First eye cancer patient at Proton Therapy Institute completes treatment

The fixed beam room at the University of Florida Proton Therapy Institute is up and running, with radiation oncologist Robert Malyapa, M.D., Ph.D., treating the facility’s first eye cancer patient this week.

Susan Porter, a Jacksonville native, was treated for a choroidal melanoma, a type of cancer that arises from one of the layers of the eye. It is a rare, but it is the most common cancer treated with proton therapy. More than 30,000 patients worldwide have received protons for choroidal melanoma.

“I thank God that this hospital is here and the machine is here and that I had that option,” Porter said before her fourth and final treatment. “Otherwise I would have lost my eye.”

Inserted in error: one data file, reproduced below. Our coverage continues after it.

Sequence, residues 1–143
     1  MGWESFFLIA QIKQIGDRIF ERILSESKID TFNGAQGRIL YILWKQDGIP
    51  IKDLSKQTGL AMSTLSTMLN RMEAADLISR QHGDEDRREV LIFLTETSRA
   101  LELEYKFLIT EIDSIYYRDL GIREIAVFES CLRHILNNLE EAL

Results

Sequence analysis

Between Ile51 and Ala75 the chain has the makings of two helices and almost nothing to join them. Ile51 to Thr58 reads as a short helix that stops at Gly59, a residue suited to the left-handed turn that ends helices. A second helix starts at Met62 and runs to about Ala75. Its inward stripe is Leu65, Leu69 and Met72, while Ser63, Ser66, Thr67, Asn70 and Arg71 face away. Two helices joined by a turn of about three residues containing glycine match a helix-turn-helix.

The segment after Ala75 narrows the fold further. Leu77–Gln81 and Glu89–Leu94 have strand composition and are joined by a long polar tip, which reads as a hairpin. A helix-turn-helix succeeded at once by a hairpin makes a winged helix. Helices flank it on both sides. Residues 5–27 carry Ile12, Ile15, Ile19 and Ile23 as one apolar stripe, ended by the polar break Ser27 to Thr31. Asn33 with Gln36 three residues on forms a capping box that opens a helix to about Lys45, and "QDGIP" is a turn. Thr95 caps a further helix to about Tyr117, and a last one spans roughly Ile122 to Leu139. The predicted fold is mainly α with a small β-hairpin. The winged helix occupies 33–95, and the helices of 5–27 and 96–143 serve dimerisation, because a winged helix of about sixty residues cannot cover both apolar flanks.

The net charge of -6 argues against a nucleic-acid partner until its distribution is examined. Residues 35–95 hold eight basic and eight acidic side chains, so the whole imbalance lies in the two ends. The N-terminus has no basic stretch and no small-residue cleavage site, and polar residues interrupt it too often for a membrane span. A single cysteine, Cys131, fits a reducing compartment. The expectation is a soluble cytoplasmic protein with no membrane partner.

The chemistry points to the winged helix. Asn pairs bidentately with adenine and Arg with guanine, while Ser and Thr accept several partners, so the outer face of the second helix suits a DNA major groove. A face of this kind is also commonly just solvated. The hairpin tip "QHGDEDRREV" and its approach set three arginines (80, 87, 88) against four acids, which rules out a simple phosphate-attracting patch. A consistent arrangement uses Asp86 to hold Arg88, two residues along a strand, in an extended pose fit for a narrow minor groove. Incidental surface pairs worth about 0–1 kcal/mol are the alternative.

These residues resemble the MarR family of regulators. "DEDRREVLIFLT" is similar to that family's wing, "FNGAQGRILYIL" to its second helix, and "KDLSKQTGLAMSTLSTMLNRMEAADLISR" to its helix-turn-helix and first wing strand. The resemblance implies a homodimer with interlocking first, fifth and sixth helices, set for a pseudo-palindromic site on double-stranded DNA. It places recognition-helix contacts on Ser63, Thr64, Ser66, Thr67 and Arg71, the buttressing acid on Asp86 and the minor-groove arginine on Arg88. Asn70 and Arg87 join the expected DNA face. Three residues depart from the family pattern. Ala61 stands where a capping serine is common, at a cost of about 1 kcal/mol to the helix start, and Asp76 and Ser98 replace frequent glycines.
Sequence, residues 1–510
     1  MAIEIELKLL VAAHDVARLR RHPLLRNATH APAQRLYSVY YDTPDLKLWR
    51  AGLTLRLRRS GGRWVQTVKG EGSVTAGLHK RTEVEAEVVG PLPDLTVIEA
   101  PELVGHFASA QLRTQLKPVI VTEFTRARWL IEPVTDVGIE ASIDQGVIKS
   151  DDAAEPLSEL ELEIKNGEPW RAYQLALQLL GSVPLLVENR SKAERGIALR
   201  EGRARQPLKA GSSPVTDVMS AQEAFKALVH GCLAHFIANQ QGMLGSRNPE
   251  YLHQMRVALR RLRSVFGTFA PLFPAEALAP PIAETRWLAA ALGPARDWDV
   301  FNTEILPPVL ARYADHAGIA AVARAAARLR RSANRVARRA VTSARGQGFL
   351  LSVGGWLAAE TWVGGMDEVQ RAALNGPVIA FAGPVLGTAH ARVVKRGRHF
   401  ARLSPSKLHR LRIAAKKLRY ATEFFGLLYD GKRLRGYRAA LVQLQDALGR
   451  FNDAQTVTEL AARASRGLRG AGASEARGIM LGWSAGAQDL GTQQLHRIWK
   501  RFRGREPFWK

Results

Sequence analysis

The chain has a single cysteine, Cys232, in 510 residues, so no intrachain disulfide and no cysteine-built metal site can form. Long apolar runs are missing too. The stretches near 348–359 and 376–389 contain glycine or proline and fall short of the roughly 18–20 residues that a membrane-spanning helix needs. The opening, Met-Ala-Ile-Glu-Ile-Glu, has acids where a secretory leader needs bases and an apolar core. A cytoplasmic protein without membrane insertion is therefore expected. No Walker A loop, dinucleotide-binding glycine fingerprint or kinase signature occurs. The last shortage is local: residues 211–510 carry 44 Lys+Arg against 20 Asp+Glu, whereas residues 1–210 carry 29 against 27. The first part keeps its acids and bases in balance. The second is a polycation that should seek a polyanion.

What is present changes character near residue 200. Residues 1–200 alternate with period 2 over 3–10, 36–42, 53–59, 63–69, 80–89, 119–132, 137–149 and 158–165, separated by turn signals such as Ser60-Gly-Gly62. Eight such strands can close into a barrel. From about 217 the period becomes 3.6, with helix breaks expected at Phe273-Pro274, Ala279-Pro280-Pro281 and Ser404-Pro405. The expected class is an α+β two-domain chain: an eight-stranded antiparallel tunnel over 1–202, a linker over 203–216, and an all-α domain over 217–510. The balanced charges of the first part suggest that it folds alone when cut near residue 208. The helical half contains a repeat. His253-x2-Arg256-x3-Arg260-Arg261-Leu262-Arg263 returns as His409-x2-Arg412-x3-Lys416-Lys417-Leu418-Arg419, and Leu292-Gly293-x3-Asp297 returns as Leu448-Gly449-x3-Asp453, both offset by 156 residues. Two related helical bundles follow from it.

The other treatments for choroidal melanoma are removal of the eye or the surgical implant of a radioactive patch. With protons, the patient receives four targeted radiation doses that avoid critical structures around and within the eye. Eye cancer patients treated with protons have a 90 percent to 95 percent chance of local control of the cancer and an eye retention rate of approximately 85 percent.

There are less complications related to treatment with protons,” said Malyapa. “Our number one goal is to cure the patient, second is to retain the eye and third is to retain vision.”

Malyapa is an assistant professor in the department of radiation ancology and an internationally known specialist in proton therapy for cancers of the head and neck, central nervous system and paranasal sinuses. Since 2005, he has served as one of the founding physicians at the UF Proton Therapy Institute.

To start, the types of eye cancer that will be treated in the fixed beam room, also known as eyeline, at the Proton Therapy Institute include intraocular melanoma, choroidal metastasis and choroidal hemangiomas. 

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